If you are like many working parents these days, you need to send your child to day care as many as 5 days per week. Having your little one in a child care center can be worrisome and stressful. Will he be ok without me? Did she eat her lunch today? Is he making friends? Does she like her caregivers? Do the caregivers like her? What if he has trouble with separation anxiety? These are just a few of the questions that go through our minds daily, when dropping our children off at day care. When we factor in that our child needs early intervention services and these services will be delivered in the day care setting when we are not present, we may even feel a new type of anxiety. TEIS therapists see children in home and center-based child care settings and our job is to build relationships with your child’s caregivers, so that your child can continue to thrive and learn new skills in child care that will carry over to your home. How do we do this?
Our job as therapists is to partner with you and your child’s day care staff members in order to identify ways in which your child can learn and practice new skills. We typically begin by contacting you first, before we ever set foot in your child’s day care center. Upon our first meeting (be it face to face or by phone) your therapist will be asking you to let them know what your concerns and goals are for your child. Your therapist will also ask what is the best way to communicate with you about your child’s therapy sessions. It can be by phone, text, written notes in notebook form (a copy of a session note will be left for you each week), photos or perhaps even a once a month therapy session at your home.
When a TEIS therapist visits your child’s day care provider for the first time, we make a point of introducing ourselves to the center director and the child care staff. This way, we can decide as a team (parent, caregivers & therapist) what might be the best time to visit to maximize your child’s learning, observe the child’s classroom & learn about his child care routines.
Most importantly, we like to make parents and caregivers aware that we use a coaching model, and we are not there to “therapize” your child. We will work with the child and her caregivers within the daily routines of the child care center and yes, even your child’s peers can join in! What is “coaching” you ask? Traditionally we were used to hearing that word in reference to athletics, but the coaching model in Early Intervention is a help-giving practice which supports caregivers in using their existing abilities and developing new skills. Coaching also builds the capacity of family members to promote the child’s learning and development. This includes being with the people the child wants and needs to be with and doing what the child likes and needs to do (Shelden & Rush, 2001). In other words, when we see your child in day care, we will not be pulling him out of his classroom into a separate room by himself in order to “do therapy”.
TEIS therapists will be working from your child’s IFSP that was developed with you, your independent assessment team and your service coordinator. This includes your child’s goals and strategies that she is working towards. We will help your child’s caregivers to imbed her goals into her daily child care routines, and most of these routines will then carry over at home. What does that mean? For example: You would like Amanda to be able to “Express her wants and needs by using a sign, gesture or word”. How can this happen at day care and how can your child’s caregivers encourage this important skill?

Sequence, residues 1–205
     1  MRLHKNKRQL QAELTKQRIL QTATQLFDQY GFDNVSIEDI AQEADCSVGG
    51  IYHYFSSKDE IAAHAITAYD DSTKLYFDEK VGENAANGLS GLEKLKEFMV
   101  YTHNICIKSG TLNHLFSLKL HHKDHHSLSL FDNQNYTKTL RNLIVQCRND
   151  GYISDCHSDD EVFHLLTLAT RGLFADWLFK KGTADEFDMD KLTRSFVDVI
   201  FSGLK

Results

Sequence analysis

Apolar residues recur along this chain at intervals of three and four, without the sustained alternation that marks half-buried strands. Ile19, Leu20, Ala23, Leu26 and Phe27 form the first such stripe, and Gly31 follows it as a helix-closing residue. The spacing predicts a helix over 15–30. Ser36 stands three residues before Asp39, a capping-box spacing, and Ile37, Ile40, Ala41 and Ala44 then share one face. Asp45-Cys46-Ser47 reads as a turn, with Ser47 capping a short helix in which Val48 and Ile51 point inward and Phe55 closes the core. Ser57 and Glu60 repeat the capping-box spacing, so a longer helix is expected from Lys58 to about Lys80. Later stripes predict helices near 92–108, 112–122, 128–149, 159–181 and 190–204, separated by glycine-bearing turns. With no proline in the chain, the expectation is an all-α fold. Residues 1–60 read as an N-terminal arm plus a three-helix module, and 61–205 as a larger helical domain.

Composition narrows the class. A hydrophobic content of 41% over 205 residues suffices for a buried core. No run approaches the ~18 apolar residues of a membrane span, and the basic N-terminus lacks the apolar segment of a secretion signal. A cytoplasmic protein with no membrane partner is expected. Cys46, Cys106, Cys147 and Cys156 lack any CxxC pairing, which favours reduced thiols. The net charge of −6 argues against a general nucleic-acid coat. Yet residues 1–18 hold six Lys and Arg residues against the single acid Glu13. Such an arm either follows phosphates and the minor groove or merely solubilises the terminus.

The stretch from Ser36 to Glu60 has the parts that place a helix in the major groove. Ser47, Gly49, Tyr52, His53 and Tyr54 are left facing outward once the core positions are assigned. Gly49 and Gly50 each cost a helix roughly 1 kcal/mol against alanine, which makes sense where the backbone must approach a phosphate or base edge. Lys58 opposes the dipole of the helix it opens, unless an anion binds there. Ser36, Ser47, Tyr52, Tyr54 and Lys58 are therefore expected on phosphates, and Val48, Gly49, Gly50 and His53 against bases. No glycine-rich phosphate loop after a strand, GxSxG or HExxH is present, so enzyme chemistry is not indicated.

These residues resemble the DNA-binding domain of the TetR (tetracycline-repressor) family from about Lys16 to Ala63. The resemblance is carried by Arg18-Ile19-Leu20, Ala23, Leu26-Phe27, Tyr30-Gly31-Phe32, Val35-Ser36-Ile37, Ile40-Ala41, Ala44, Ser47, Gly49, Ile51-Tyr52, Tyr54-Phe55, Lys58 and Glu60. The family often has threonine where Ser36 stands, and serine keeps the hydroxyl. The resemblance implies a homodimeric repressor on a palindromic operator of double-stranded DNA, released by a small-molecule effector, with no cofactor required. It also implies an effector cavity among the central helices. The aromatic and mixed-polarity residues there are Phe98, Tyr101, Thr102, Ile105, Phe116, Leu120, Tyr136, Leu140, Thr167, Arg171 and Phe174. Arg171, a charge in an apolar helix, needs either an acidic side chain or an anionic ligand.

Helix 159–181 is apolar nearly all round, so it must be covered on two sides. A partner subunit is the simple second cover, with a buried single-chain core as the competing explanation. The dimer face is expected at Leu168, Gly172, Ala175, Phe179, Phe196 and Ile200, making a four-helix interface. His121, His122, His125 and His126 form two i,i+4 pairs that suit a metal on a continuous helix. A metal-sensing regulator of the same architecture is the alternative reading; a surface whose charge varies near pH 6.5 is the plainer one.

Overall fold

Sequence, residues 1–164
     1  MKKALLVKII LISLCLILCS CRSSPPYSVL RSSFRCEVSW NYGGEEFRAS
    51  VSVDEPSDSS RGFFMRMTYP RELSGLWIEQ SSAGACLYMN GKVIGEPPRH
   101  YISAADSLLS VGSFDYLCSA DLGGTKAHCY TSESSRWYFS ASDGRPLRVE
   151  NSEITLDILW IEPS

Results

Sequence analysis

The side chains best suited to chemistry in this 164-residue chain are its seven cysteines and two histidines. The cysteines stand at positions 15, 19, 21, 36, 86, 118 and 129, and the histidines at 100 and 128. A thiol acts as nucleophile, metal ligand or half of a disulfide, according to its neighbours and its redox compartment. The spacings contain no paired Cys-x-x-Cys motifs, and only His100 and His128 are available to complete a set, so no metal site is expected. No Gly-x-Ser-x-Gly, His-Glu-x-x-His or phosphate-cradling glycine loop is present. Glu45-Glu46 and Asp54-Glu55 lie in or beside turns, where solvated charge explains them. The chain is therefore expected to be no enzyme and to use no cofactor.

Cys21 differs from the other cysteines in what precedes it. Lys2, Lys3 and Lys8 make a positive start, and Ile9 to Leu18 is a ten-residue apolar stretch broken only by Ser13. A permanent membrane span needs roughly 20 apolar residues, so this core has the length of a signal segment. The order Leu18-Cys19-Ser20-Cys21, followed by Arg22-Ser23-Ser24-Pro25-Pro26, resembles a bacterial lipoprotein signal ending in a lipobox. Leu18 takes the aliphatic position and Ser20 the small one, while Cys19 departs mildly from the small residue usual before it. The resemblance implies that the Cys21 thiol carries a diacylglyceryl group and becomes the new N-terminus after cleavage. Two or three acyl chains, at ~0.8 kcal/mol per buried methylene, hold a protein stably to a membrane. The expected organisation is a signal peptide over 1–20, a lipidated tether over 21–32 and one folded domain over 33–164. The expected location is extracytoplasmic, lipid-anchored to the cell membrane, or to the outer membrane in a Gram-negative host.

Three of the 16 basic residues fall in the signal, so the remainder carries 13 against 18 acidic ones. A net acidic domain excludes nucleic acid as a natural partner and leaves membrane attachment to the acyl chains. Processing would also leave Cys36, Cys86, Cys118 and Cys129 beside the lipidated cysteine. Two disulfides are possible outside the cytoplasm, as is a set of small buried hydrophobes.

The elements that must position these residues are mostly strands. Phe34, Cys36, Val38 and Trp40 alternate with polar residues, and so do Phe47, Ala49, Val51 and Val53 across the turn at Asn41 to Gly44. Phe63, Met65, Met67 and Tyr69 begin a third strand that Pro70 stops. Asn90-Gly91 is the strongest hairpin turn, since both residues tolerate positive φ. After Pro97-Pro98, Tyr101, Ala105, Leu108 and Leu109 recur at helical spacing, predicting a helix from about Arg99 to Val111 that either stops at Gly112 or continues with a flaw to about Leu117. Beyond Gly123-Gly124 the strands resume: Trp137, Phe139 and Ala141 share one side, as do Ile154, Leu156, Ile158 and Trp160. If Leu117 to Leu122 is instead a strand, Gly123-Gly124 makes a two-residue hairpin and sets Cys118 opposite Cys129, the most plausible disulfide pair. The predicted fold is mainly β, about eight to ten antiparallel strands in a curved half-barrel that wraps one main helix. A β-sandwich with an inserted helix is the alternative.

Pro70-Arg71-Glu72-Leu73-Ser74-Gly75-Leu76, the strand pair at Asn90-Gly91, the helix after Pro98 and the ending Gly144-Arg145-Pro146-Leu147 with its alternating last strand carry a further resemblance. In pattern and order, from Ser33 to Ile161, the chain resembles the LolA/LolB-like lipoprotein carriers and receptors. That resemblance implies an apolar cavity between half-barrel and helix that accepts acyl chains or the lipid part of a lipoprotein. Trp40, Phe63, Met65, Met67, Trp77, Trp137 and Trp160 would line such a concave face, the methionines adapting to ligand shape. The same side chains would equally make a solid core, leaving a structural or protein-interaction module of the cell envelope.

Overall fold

- Upon arrival at child care Amanda will be encouraged to sign/say “Good Morning” to her teachers and friends
- At circle time Amanda will be given a visual choice of two song cards and point or sign to make her choice
- At snack time Amanda will be given a choice of two foods and encouraged to point/sign/or say the food she wants
- During outside playtime Amanda will sign/say “please” to receive her turn on the swing or slide
Get the idea? And all these skills carry over to arriving home, mealtimes, playtime in the backyard, etc. At child care the goal is for your TEIS therapist to guide your child’s caregivers so that they feel comfortable with implementing your child’s IFSP goals & strategies. Your TEIS therapist will assume a more supportive role and your child’s caregiver (as you do at home) will take the lead. We will observe, model, allow practice, make changes if needed and come up with a joint plan that will allow your child to best enhance his skills in his child care setting.
TEIS therapists aim to keep an open line of communication with both you and the child care staff. Every week we will informally observe and assess how things are going and ask the caregivers their thoughts on how things are going. We will revise our plan whenever necessary. Your input and the input of your child’s caregivers is of utmost importance. We encourage everyone’s honesty and feedback so we can all work together as a team to make your child’s learning experience in child care a success!
Article written from a presentation by Betsy Gamza, M.Ed. on Building Relationships with Caregivers Within the Childcare Setting August 26, 2015 and the website http://www.coachinginearlychildhood.org